There's now a price tag on Pete Stauber's county emails with the National Republican Congressional Committee - $28,000.

That's the price the St. Louis County Board agreed on Tuesday to settle a lawsuit filed by the state DFL party in October during the height of a controversy surrounding then-commissioner and now-Congressman Stauber.

The board voted 6-0 to approve the settlement. It resolves any future litigation issues and brings the matter to a close, said county spokesperson Dana Kazel.

"The settlement amount is reasonable given the facts and circumstances of the action, and the proposed settlement will allow the defendants to avoid the expense and risk associated with further litigation," said a recommendation letter to the County Board from County Attorney Mark Rubin and County Administrator Kevin Gray, who was listed as a defendant along with the county in the lawsuit brought by the Minnesota Democratic-Farmer-Labor Party.

Stauber had used his county email account to communicate with the NRCC early on during his successful campaign for Congress.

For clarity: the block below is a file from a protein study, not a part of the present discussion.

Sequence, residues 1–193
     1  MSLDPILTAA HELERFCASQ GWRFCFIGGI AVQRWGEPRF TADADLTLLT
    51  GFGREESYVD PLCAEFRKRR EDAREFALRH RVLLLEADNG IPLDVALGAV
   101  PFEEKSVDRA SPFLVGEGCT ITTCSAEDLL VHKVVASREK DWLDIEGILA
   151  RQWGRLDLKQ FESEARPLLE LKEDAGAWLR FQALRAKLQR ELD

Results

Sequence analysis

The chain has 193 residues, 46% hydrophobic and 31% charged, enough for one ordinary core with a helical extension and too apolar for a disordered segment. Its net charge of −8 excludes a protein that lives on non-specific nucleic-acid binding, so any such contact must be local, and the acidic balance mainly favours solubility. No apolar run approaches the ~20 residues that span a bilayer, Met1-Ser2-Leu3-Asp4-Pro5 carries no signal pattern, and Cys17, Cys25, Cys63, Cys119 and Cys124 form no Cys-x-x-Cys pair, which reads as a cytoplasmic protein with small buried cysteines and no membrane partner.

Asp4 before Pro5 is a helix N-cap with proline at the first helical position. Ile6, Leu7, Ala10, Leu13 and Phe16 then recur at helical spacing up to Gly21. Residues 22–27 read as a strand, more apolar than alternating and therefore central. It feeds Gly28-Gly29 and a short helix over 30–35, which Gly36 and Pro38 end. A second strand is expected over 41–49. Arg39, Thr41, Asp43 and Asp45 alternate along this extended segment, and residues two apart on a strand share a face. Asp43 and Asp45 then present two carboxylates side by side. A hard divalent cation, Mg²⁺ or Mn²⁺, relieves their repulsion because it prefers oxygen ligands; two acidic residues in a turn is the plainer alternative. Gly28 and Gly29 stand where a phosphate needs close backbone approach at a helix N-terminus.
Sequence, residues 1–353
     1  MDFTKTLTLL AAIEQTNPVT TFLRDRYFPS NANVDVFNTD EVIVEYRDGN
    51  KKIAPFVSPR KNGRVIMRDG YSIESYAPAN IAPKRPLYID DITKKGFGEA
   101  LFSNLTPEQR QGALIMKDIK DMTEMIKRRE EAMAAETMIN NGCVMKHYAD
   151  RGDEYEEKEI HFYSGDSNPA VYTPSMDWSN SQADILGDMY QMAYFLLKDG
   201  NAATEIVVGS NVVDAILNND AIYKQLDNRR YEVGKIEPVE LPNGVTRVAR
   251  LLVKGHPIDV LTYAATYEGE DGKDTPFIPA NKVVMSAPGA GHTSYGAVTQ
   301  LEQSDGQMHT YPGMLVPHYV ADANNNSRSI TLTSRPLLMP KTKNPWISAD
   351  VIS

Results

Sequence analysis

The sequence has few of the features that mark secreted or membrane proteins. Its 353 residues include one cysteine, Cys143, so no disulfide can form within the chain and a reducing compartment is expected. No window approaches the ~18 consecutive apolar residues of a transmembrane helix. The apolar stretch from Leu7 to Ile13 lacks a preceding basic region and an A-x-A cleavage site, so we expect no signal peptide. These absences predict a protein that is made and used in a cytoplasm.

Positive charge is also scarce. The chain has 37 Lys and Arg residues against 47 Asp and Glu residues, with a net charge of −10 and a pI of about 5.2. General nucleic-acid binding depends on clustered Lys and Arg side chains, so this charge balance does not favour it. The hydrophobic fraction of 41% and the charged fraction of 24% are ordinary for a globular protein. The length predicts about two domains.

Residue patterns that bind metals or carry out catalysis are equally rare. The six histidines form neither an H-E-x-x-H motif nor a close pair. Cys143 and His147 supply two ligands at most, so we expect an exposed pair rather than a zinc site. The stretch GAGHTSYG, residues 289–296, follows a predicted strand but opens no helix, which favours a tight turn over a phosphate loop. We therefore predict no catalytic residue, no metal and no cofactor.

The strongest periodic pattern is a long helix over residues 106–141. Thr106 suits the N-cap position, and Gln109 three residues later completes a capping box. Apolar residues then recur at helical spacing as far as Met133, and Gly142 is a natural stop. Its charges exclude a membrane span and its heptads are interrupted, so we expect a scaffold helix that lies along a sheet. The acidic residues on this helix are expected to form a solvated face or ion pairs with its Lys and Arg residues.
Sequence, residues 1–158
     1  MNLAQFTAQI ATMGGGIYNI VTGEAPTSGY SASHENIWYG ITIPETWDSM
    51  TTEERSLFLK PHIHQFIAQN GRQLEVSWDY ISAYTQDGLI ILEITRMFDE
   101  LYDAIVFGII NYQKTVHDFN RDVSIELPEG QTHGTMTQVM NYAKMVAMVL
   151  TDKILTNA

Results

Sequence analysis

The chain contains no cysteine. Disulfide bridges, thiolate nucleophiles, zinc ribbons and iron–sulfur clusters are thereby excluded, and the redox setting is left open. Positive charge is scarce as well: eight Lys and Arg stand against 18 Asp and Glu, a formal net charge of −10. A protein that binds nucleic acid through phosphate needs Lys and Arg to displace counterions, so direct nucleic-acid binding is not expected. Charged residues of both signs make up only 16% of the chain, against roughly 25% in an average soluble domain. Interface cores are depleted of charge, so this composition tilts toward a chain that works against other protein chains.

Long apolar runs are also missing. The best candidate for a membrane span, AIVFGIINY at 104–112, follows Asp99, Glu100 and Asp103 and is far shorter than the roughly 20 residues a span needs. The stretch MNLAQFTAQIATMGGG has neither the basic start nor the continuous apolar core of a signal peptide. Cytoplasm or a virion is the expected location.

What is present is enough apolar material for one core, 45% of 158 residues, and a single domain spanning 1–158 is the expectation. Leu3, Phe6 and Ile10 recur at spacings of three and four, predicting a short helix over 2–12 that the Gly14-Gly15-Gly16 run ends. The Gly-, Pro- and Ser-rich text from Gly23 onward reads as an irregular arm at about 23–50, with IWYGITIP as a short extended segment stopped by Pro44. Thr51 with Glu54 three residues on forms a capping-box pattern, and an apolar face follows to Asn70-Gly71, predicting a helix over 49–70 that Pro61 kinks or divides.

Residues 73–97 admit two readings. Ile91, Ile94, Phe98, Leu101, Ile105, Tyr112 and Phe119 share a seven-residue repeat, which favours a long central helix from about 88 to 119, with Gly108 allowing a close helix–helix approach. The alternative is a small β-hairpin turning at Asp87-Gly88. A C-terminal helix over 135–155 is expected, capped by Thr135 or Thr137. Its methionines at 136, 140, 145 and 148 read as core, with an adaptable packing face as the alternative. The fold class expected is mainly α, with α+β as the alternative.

A week before the November midterm elections, a judge in District Court in Duluth ordered the emails released. The contents proved inconsequential, revealing mostly scheduling and minor strategizing details. Stauber went on to a convincing victory and is seated as the representative of the 8th Congressional District.

The County Board met in closed session last week to discuss the settlement.

Following media reports uncovering the emails, the county fought for two months to keep the contents of the emails sealed. The county argued that state statute protected the privacy of individuals corresponding with elected officials.

The emails were pursued vigorously by media outlets and political organizations throughout the state.

In its lawsuit, the DFL claimed the county was in violation of the state's data practices act. The lawsuit followed an advisory opinion by the Minnesota Department of Administration which said the emails were public and that St. Louis County acted improperly by refusing to release 15 emails involving the NRCC found in Stauber's county email account earlier this year.

Elected officials are prohibited by county policy from using county funds, equipment, supplies, employees, or facilities in support of their own campaigns.

"I'm a law-abiding citizen and happy the county released its emails," Stauber said on Oct. 31 - the day the emails were made public.